Transparency News 2/7/20



February 7, 2020

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state & local news stories



Mr. Richard Hawkins of Midlothian, Virginia has filed a Petition for Mandamus under the Freedom of Information Act with the Mecklenburg County Circuit Court against the Town of South Hill. The Petition calls for the Court to “review all withheld documents, to reject the exemptions asserted by the Town, to order the Town to produce the requested documents, and to order all other appropriate relief." The Petition comes after Mr. Hawkins made three separate FOIA requests for the Town to produce a number of documents related to the employment of former Finance Director, Kathryn Bigalow, the job description of Town Manager, Kim Callis, complaints from citizens against Callis, cell phone records for Callis,“any employment contracts in force with respect to Kim Callis,” and EEOC Complaints made by current or former employees received by the Town. 
South Hill Enterprise

The Hampton Roads jail that befell scrutiny over the circumstances surrounding the 2015 death of a mentally ill man — prompting the state to begin investigations of jail deaths in Virginia — is now pushing back against the investigations, according to a document obtained by the Richmond Times-Dispatch. The state panel created to examine inmate deaths has accused Hampton Roads Regional Jail of failing to cooperate with a state investigation of three deaths at the Portsmouth facility dating to December 2018 — conduct that one official described as a “blatant attempt to frustrate” investigations by the Virginia Board of Corrections. In a sternly worded letter to jail Superintendent David Hackworth dated Jan. 29, the chairman of the board’s jail review committee, William Dean, said the jail’s response to requests for investigative records of the inmate deaths “is wholly inadequate” and does not comply with board regulations.
Richmond Times-Dispatch

As a fatal fire burned at a Glade Spring Mini-Storage unit last month, a handful of witnesses reported seeing smoke in a series of 911 calls. The calls made on the afternoon of Saturday, Jan. 18, were obtained from the Washington County Sheriff’s Office through a Freedom of Information Act request. “I don’t know if this has been reported yet or not, but I just got off the Glade Spring exit … and as I was getting off the exit I saw smoke to my right,” a woman told a dispatcher at 1:33 p.m.
Bristol Herald Courier

stories of national interest

The Hamilton County (Tennessee) Attorney's Office destroyed 98% of records requested by the Times Free Press, amid a disagreement over reasonable charges. The fight for the records, which were requested six months ago this week, continued past the destruction of the records for four months before the office admitted destroying the more than 1,400 pages of documents in question. Questions about the office's compliance with public records laws were raised in the summer of 2019 when county attorneys initially unlawfully denied a different request by the paper, asserting that they do not provide any records from their office, despite serving as the custodian of county general records. "If it comes into [the county attorney's] office, it's privileged," records coordinator Dana Beltramo said in July, "Our stuff is off limits." County Attorney Rheubin Taylor, who participated in the meeting as well as discussions about the Times Free Press request and fees, denies the destruction was related in any way to the paper's request.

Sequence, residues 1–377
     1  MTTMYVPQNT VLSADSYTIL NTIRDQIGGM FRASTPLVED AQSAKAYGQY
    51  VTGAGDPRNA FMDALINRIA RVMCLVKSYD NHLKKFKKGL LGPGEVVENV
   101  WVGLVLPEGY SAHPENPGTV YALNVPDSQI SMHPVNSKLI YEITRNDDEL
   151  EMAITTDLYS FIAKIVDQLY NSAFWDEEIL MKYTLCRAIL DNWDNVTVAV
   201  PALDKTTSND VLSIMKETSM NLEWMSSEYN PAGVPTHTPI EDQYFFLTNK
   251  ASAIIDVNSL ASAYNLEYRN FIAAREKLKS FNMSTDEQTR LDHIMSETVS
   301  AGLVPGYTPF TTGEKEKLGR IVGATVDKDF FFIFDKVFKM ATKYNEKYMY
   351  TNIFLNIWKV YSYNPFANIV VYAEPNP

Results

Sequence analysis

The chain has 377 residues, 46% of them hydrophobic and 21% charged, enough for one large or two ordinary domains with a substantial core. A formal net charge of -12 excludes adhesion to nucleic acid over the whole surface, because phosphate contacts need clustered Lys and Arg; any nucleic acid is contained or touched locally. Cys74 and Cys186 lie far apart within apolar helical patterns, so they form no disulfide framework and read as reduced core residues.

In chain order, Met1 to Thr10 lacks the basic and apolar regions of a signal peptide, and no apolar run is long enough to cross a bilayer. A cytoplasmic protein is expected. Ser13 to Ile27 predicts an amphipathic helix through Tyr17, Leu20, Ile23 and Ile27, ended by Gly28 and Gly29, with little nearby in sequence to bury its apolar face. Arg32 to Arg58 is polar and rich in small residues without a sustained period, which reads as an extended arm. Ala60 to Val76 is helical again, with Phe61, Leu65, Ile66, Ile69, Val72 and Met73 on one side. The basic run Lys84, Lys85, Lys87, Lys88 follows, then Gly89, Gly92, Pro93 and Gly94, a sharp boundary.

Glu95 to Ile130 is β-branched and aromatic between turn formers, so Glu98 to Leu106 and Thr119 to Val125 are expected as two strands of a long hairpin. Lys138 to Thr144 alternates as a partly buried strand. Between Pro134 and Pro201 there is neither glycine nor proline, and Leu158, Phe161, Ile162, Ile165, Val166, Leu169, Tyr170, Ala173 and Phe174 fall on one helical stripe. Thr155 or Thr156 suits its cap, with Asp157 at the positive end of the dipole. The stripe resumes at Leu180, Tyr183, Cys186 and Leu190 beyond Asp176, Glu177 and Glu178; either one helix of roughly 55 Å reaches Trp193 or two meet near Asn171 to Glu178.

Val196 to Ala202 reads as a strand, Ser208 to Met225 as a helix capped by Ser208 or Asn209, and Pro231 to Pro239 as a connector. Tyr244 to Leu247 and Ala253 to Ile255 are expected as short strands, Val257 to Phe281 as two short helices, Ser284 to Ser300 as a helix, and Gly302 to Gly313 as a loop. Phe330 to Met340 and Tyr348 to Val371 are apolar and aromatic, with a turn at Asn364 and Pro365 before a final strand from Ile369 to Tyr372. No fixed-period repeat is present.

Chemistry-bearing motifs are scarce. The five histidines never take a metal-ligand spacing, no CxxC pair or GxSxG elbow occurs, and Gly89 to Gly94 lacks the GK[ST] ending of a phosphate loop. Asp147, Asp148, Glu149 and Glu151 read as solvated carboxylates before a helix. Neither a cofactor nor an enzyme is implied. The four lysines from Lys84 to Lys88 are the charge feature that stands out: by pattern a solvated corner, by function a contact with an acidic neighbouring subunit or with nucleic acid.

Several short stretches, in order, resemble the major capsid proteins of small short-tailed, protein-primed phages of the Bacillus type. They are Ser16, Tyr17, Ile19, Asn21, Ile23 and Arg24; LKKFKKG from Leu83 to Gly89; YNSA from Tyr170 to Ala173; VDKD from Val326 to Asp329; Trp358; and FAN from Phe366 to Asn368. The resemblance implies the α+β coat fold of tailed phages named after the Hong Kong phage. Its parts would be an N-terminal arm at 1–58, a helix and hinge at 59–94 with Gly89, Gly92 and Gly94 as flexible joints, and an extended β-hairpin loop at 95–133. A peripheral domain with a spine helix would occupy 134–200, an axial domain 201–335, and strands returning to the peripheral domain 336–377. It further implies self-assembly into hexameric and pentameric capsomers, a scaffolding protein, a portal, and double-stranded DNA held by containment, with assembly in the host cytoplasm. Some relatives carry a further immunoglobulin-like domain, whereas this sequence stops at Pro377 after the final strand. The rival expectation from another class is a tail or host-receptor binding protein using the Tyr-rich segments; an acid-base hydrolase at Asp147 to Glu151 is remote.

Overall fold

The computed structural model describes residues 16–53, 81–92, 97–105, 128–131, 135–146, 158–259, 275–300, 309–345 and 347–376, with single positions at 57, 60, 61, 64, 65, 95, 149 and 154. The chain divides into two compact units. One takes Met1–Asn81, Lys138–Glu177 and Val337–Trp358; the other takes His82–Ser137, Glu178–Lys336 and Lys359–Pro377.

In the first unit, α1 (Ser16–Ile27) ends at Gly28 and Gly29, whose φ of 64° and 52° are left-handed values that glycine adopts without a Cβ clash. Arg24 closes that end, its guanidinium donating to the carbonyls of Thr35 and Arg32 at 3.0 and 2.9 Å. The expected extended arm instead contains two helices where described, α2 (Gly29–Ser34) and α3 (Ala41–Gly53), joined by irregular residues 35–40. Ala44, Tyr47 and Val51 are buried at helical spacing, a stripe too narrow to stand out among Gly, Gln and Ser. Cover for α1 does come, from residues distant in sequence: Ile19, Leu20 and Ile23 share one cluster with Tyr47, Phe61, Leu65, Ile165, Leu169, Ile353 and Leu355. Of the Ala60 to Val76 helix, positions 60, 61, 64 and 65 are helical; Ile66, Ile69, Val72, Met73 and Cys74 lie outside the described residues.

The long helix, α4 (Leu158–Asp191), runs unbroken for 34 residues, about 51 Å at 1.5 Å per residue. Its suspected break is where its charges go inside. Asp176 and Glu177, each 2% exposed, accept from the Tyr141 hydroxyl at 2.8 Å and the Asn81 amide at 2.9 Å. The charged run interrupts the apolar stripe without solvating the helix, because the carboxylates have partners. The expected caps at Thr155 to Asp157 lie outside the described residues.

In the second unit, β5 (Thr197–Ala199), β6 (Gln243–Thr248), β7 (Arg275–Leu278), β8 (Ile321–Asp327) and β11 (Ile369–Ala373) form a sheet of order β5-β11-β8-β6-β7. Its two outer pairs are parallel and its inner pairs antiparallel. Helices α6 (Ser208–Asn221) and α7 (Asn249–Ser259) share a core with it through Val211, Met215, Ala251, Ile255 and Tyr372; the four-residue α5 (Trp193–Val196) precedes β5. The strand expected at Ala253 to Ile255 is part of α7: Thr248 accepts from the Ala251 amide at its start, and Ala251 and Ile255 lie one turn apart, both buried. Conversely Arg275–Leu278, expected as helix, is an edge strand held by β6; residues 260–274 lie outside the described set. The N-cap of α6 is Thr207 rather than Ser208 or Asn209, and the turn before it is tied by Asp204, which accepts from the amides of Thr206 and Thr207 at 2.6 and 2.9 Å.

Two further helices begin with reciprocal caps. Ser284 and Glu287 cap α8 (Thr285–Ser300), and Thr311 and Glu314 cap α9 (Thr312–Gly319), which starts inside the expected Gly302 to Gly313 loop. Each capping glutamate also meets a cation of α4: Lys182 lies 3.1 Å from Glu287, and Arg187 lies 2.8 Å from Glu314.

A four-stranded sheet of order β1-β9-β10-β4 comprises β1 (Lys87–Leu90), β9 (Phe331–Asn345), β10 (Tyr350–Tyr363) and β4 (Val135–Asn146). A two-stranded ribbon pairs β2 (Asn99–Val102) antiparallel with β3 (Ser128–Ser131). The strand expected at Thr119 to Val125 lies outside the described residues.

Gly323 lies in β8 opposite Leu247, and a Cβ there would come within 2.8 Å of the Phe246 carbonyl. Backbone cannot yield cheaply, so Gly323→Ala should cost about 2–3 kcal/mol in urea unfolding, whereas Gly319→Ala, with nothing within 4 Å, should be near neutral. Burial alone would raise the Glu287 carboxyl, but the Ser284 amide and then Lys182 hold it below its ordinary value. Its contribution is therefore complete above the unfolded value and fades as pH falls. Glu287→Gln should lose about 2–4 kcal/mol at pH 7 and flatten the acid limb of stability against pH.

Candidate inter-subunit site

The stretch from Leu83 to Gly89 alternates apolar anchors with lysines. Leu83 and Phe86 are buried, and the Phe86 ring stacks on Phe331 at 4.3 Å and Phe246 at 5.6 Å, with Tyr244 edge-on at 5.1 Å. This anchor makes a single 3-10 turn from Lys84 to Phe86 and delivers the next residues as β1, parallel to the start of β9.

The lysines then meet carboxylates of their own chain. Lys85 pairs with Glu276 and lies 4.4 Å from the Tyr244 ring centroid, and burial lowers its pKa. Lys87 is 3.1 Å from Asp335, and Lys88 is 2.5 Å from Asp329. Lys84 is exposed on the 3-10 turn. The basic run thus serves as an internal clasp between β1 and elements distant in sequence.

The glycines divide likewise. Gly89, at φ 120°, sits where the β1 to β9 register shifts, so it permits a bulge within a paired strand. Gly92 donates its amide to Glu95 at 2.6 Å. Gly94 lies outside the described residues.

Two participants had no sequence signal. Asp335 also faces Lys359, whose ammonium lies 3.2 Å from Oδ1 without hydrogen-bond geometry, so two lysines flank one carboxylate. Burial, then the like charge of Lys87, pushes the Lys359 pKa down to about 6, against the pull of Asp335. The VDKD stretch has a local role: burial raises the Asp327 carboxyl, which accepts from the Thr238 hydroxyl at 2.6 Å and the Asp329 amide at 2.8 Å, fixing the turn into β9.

Chattanooga Times Free Press

Human rights activists and immigration lawyers are concerned over a new policy allowing Customs and Border Protection to withhold certain agency-related information from the public. The Nation first reported on Tuesday that CBP was granted a "security agency" designation Jan. 31. The new policy grants CBP an additional layer of secrecy by keeping the names of all its officers and other kinds of records from public disclosure under the Freedom of Information Act, also known as FOIA.
NBC News

The tradition in most states is for governors to begin the year with the broadest agenda-setting speech they will deliver: the State of the State address. For the past several years, the Government Technology editorial team has picked apart these speeches, looking for clues about new initiatives and areas of focus that will touch technology. These references can be broad, like a mention of a need to “modernize” an agency, which will likely include a tech overhaul, or they can be specific, such as a discussion about the need for more cybersecurity funding to protect citizen data. Over the years, topics like digital service delivery, cybersecurity and broadband have come up more frequently, indicating that these issues are on the minds of policymakers and the citizens they serve more than ever before. Increasingly, governors are using their platforms to underscore the importance of making sure all residents, regardless of where they live, have options to get online. Internet access has profound impacts on opportunities in education, jobs, health care and nearly every other facet of modern life. The language used to describe getting connected has been slowly shifting: In 2020, broadband is now viewed as critical infrastructure, governors are prioritizing it as such, and it’s not a partisan issue.

"If it comes into [the county attorney's] office, it's privileged. Our stuff is off limits."